Long time biology teacher, Joel Davis, delivers Cum Laude Address to the Class of 2019. (Andrew Barren’22/Media editor)
The following written address by Mr. Davis can also be seen on https://www.youtube.com/watch?v=efDQpZpAlfo&t=172s
CA students, faculty, staff, administrators, family, friends, and most importantly the class of 2019: WELCOME!
It is a true honor to be able to speak to you today!
In coming together in an honors assembly we are following a tradition honored for many years at Columbus Academy. But it is the term ritual that I would like to discuss today.
I follow important daily rituals to guide my life.
I start my morning with a accompanied by the noble canine “George.” We share much in common. We both enjoy eating. We both enjoy our long walks. As a side note, we differ in that George can smell a rabbit from a half mile away, and I can’t tell that my classroom stinks from recently dissected fetal pigs!
Rituals define my school day. I start my classes with a whistle and compete to break yesterday’s time trial. Within my class, when I am showing a PowerPoint, my students are well schooled in the competition to be the first to turn off the lights (“Can somebody turn off the lights?”- I think I just saw 10 people getting out of their seat to be the first to turn off those lights.”)
I finish my teaching day by the changing of the quotes. A quote written on a piece of colorful construction paper is moved from whiteboard to the wall, and by the end of the year in my classroom I have a quote representing every school day affixed to those walls.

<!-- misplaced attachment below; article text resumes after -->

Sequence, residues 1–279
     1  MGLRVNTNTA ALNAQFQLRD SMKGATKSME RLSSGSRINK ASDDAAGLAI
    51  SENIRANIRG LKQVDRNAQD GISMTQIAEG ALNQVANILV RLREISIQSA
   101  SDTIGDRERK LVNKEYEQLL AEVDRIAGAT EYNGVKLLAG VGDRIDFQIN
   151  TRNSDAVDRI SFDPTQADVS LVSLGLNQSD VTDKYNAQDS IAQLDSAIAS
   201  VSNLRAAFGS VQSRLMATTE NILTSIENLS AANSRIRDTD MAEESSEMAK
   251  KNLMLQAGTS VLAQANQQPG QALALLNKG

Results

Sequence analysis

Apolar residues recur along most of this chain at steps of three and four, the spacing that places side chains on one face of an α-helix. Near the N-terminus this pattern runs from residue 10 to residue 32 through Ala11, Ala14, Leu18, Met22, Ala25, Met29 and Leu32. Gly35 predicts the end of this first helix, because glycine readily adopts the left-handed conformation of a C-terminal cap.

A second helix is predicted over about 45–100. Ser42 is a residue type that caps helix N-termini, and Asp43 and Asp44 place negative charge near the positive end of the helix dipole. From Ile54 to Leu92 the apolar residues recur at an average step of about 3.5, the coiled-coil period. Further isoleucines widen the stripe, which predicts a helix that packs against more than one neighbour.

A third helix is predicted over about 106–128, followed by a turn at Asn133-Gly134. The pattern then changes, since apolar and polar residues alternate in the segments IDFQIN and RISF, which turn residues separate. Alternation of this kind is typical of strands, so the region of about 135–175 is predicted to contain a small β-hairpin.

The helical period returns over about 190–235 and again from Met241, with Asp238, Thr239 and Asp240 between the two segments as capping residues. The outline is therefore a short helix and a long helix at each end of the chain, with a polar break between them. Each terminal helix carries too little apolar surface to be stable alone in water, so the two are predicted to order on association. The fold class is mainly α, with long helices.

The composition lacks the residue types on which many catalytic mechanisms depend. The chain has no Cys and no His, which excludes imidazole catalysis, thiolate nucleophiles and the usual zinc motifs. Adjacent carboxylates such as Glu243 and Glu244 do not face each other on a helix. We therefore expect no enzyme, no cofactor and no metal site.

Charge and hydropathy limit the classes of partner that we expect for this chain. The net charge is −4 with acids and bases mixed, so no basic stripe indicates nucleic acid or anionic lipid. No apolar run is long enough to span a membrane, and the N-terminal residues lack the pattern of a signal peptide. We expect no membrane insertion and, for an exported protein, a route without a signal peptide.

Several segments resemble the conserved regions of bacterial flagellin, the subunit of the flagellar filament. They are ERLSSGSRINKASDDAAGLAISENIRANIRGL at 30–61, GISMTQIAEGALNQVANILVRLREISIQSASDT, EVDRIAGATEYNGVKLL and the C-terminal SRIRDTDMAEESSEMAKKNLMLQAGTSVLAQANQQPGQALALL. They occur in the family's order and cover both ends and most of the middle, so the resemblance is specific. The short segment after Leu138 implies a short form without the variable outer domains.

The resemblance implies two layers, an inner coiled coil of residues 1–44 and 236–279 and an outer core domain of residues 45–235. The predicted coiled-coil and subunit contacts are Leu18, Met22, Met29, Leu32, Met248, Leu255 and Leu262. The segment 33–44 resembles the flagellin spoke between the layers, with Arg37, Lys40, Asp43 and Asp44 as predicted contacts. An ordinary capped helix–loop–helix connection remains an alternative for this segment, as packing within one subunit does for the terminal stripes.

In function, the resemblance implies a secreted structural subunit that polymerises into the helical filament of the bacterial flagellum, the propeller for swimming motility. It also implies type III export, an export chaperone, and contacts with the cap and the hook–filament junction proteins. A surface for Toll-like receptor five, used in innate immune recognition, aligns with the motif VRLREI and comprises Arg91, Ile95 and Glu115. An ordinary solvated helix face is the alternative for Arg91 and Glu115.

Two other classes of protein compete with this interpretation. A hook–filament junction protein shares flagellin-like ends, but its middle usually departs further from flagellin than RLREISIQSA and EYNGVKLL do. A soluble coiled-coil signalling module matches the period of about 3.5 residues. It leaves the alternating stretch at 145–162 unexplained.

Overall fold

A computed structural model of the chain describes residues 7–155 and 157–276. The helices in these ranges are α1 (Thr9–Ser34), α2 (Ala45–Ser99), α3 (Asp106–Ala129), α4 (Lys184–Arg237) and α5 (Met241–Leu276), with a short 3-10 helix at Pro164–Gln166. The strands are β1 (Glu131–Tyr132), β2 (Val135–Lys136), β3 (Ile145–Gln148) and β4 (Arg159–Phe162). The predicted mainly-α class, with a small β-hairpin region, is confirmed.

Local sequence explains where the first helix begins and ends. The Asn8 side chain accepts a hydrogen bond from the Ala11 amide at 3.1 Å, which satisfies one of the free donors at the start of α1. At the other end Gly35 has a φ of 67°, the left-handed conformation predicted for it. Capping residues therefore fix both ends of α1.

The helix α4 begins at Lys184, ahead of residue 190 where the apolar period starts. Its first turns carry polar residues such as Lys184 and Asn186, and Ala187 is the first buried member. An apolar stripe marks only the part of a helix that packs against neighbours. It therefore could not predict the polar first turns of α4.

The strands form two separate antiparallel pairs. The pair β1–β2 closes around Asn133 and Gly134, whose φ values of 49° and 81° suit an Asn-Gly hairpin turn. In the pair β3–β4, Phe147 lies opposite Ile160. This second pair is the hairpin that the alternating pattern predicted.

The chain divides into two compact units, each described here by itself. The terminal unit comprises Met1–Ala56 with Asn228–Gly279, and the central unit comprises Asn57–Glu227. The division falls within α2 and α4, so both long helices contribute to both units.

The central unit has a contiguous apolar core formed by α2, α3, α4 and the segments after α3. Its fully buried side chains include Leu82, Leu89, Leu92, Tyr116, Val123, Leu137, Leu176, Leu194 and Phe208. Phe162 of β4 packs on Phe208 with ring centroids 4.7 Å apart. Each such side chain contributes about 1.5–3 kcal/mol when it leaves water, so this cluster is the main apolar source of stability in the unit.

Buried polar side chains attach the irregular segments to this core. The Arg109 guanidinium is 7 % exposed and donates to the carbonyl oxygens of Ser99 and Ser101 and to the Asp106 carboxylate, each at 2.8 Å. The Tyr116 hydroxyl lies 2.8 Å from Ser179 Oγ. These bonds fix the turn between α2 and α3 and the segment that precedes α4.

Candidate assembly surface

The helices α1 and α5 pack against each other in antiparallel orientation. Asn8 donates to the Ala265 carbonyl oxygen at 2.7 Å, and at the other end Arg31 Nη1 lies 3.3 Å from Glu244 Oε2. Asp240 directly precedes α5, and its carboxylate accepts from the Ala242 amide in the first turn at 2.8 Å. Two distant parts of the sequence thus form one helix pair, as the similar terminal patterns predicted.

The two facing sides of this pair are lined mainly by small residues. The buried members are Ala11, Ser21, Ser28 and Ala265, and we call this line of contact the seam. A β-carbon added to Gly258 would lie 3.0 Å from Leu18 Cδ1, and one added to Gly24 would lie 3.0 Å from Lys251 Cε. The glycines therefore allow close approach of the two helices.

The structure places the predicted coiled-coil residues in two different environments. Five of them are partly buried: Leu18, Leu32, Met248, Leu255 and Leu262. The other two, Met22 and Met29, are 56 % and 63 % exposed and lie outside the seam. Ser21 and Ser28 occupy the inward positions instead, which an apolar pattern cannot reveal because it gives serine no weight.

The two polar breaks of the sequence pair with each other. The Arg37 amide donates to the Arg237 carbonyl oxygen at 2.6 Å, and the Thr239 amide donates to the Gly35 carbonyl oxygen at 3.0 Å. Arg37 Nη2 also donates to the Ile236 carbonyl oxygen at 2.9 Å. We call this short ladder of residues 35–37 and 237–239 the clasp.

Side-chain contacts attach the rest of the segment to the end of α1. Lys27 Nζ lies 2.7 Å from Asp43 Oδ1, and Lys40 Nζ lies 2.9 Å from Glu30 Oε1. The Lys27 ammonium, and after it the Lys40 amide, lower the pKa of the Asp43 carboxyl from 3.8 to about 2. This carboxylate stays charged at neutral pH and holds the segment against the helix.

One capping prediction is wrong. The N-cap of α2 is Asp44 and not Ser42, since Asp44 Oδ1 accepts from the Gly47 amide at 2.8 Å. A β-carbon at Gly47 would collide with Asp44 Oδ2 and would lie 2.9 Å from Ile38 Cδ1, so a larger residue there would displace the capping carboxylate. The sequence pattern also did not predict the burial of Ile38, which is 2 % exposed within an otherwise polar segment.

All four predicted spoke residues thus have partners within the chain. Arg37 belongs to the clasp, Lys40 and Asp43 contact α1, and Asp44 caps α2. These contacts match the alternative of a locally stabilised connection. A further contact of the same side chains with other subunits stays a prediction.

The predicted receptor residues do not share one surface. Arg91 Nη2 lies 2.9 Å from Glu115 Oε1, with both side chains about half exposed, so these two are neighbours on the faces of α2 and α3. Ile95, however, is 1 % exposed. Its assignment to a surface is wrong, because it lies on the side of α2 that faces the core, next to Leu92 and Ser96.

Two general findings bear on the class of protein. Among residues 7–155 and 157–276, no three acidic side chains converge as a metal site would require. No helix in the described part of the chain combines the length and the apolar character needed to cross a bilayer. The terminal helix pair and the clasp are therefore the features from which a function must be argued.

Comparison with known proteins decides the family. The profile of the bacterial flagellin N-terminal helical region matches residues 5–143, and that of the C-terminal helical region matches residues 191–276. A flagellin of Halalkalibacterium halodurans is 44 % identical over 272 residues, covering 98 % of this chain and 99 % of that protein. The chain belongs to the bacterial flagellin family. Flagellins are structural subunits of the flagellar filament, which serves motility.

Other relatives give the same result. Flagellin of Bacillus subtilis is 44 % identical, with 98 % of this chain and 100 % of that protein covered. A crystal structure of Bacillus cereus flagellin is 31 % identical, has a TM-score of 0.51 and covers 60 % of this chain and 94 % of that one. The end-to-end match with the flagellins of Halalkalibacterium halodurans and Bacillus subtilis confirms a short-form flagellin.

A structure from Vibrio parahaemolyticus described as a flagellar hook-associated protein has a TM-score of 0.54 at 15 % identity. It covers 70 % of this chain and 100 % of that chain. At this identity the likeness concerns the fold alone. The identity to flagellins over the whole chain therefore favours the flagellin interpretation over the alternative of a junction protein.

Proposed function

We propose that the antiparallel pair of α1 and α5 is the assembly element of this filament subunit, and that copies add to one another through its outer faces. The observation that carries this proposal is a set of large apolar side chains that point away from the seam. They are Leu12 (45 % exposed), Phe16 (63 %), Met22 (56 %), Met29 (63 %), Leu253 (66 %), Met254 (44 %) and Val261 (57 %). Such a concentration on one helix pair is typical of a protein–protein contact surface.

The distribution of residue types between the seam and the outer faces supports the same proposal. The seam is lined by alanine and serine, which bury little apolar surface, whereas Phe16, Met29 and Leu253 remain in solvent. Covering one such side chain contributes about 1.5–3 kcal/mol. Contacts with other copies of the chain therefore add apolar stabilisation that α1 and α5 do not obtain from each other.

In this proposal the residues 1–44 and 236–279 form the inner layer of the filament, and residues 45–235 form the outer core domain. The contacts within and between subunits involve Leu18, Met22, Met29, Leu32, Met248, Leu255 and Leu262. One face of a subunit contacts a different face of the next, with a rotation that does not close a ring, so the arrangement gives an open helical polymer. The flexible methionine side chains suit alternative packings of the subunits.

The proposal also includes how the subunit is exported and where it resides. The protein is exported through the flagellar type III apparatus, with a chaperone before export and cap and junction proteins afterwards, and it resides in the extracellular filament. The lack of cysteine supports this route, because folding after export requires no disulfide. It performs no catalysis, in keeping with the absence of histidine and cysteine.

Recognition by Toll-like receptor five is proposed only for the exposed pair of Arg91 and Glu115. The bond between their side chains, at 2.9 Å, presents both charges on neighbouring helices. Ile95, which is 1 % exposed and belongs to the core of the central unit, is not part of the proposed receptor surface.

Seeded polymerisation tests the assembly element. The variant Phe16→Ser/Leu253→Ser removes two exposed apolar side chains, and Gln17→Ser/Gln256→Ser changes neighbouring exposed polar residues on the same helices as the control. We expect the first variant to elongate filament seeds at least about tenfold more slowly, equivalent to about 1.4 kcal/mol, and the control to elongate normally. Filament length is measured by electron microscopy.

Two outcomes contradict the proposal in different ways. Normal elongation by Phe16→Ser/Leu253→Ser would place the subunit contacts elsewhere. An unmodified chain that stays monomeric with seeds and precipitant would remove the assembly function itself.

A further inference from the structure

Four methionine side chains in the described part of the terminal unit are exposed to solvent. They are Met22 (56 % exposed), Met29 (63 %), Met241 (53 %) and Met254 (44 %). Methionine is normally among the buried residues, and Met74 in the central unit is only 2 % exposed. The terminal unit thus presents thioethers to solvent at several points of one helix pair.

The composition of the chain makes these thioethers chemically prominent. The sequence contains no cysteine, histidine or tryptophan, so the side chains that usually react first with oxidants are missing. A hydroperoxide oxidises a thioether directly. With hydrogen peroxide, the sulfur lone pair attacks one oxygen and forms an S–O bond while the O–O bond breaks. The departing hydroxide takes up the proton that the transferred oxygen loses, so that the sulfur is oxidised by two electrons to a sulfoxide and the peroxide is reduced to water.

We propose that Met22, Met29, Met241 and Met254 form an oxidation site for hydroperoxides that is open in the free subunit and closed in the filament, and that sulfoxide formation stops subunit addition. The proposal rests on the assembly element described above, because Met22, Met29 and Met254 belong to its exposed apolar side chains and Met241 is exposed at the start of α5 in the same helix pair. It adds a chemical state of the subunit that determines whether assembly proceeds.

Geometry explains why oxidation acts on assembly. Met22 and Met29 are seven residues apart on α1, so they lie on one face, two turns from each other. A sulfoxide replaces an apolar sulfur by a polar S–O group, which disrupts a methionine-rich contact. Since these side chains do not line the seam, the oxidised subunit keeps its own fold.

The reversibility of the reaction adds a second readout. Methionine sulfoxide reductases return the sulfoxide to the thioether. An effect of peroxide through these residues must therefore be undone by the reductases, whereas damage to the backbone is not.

This year I have already put some of these quotes up, given to me by this year’s seniors.
“Knowledge is knowing that a tomato is a fruit . . . Wisdom is not putting a tomato in a fruit salad.” Thank you Courtney Batchelor.
“Yesterday is history, tomorrow is a mystery, but today is a gift. That is why they call it the PRESENT.” Thank you Mira Bhasin.
My year like my day is defined by rituals. We celebrate Charles Darwin’s birthday on February 12th. We make 3d models of eukaryotic cells. We celebrate Autumn with the Community ecology outdoor experience. I have gotten used to shrieks and screams as students lower an unsuspecting grasshopper into a jar. And I look forward to the moment when, after a 9th grade community ecology group has misplaced their plant collection, a student reacts with the accusation of: “Somebody stole my plants.” Thank you, Abhi Ramesh for completing the ritual 4 years ago!
Certainly you as students have your own rituals which have made you successful.